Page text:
Wednesday, June 19, 2013

Long Haul Nursing

Breastfeeding an Older Baby

Yes, I'm still nursing my ten-month-old.  No, she's never had formula.  

I've been lucky.  

I've been so very blessed to have a relatively easy time with breastfeeding -- a good latch from the start, only four clogged ducts in ten months, no infections or thrush, no diet restrictions and no major issues with milk production. 

I've also been determined.  I think breastfeeding for the long haul is half luck and half attitude.  Attitude that says... I'm doing this.

Nursing changes as baby changes. You can read my first post about breastfeeding here.  I wrote those words nine long months ago, not knowing the adventures Penny and my boobs would have throughout this ride called Baby's First Year.  Oh how time flies.

Here are a few things I have to say about breastfeeding older babies:

They eat way faster.  Penny can polish off a full meal now in about five minutes.  Both sides. No more planting my butt on the couch for a full episode of The Office for each boob.

They really let you know when they want it.   Penny's moves: the collarbone nuzzle, the sideways head plunge, the shirt shake, the sniff'n'kickyourlegs.  It can be obnoxious in the wrong place at the wrong time, but overall is an endearing reminder that your baby needs you.

They eat in all sorts of positions.  Sitting next to you, sitting on your lap, standing on your lap, kicking a leg and waving an arm, upside down on the bed... As long as they can reach it, they're good.  I can nurse Penny standing up, sitting or laying down, in the bath or shower, walking around, in the car, in the wilderness... you name it.

They bite.  Yes, it's as painful as it sounds.  Some moms recommend screaming or flicking baby's cheek when they bite, to startle them.  I haven't had luck with this... I suppose my pain tolerance has just amped up a little with motherhood.  This doesn't have to be a deal breaker... but as I've said before, breastfeeding is not for sissies.

They fight the cover.   If I use the cover when I nurse in public, I go into the feeding well knowing it's a gamble... one sly move of her arm and somebody's gonna get a glimpse.  I've mastered a few brilliant no-cover techniques that allow me to nurse in public discreetly and tastefully without a cover... like the face-the-other-way technique, and the only-pull-your-nipple-out technique... brilliant, right?  In public without a cover might not be for everyone.  I suggest making the nursing cover a regular prop during feeding time at home if you expect your baby to tolerate it in when you are out and about.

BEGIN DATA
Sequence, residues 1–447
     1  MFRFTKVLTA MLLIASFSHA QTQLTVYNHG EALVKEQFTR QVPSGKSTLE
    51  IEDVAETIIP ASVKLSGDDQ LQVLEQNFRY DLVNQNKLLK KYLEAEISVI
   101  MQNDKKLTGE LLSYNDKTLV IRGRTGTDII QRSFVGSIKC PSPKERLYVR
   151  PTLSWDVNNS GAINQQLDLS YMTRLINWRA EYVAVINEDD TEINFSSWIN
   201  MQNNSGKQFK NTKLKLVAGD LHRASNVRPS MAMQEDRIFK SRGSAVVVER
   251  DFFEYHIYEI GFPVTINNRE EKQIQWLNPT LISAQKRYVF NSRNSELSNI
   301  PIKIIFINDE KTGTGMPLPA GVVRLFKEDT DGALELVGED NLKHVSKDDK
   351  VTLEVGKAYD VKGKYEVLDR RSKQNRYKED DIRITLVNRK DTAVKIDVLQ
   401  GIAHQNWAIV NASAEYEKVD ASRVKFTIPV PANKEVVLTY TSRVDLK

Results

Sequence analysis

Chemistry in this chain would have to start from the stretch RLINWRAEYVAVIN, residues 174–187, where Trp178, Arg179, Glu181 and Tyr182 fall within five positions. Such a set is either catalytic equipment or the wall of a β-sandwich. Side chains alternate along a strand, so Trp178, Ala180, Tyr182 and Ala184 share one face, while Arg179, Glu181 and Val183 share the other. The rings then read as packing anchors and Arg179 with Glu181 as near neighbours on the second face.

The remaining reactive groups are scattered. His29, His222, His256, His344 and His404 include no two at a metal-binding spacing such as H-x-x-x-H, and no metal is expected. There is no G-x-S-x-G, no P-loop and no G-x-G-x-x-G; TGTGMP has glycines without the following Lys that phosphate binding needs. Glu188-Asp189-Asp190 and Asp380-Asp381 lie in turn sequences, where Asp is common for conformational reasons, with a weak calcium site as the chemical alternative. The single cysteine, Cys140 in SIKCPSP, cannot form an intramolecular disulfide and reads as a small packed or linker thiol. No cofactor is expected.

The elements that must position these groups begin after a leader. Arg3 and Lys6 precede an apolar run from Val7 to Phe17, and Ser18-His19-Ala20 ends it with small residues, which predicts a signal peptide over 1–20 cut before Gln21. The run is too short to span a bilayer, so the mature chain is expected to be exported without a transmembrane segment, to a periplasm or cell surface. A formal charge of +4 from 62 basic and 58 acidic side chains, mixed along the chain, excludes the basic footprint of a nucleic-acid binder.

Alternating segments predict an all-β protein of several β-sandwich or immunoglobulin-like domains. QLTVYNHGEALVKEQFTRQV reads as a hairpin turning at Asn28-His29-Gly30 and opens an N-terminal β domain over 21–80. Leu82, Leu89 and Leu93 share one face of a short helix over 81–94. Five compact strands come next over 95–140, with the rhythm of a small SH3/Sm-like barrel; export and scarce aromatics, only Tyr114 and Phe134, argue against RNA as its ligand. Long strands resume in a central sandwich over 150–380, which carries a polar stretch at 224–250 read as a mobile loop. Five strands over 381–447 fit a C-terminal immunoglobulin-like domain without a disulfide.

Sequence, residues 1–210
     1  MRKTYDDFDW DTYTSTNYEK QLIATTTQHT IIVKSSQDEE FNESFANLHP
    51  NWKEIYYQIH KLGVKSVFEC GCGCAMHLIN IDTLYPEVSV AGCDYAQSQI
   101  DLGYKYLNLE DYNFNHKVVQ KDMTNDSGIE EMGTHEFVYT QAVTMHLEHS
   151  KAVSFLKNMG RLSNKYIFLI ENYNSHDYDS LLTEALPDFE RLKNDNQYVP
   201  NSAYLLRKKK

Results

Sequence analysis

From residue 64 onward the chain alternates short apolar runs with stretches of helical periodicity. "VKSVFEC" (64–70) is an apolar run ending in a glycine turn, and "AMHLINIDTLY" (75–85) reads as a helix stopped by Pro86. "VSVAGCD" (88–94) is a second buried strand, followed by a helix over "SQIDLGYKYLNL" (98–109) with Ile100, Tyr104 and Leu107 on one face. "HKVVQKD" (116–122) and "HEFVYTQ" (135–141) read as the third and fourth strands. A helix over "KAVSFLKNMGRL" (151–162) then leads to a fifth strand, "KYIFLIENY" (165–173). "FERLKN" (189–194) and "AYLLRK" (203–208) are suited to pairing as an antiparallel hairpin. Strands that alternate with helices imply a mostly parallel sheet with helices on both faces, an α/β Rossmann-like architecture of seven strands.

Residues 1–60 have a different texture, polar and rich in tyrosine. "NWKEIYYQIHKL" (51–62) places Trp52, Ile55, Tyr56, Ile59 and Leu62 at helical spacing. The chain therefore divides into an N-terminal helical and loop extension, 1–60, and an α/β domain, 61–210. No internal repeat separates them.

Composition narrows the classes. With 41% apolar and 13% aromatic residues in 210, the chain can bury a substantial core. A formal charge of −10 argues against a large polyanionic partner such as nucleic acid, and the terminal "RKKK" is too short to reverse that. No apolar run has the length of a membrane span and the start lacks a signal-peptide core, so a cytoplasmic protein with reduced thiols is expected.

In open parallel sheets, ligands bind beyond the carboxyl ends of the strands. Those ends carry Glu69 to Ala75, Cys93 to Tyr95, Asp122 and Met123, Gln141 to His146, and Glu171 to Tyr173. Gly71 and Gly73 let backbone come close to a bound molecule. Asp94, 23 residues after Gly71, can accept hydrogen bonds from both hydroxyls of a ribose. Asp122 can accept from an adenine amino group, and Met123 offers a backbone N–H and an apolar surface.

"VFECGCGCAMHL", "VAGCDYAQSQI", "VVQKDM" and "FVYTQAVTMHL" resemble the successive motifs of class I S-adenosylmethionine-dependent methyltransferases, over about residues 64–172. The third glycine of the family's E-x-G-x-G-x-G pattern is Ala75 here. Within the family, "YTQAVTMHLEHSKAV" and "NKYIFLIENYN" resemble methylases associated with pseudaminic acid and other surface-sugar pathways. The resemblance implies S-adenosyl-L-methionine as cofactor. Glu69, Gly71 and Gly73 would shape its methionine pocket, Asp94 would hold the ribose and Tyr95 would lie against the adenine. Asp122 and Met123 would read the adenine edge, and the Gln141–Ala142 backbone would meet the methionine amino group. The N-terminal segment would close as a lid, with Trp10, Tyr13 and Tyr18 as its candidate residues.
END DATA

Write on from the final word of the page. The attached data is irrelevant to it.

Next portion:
You're pretty much hungry.  Pretty much all the time.  Ditching 500 calories a day without exercising? Yes please. Too bad that just means your appetite is insatiable.  But remember, you're making food. In your boobs. You're a machine and you need fuel.   And never underestimate the importance of drinking tons of water.

The bonding continues.   I  treasure the quiet time Penny and I have in the mornings when she first wakes up and snuggles into our bed to nurse and go back to sleep for a little while.  And I love that no matter what she was doing right before, her busy bright eyes soften into a drunken peacefulness and her whole body melts into me after a few seconds.  She needs her mama.  Nothing compares to nursing your baby, regardless of her age.

People will imply you should stop. The older your baby gets, the more people start to ask questions. Try not to get defensive, or let them get in your head.

That brings me to my next point.

I have met so many situations that have assured me that our culture is coming back around about breastfeeding.  I've never had a fitting room attendant look at me strangely when I ask if I can use one of the rooms to nurse my baby.  I've never been asked to move or leave or --gasp-- feed Penny in the bathroom when I've nursed her in restaurants. And I've only been ogled at awkwardly a few times when nursing in the out-and-about, mostly by teenagers who can't help it and probably don't know better.  

But every now and then someone says something discouraging to me.  There are still folks out there who perceive breastfeeding to be too inconvenient for any free-thinking mother to want to do it, or gross, or something only weird people do, or something that's 'good when they're newborns' but you have to stop at [fill in the age] so it doesn't screw up your kid.  

"How long do you have to keep doing that? I thought you were supposed to stop after six months,"  a coworker said to me recently.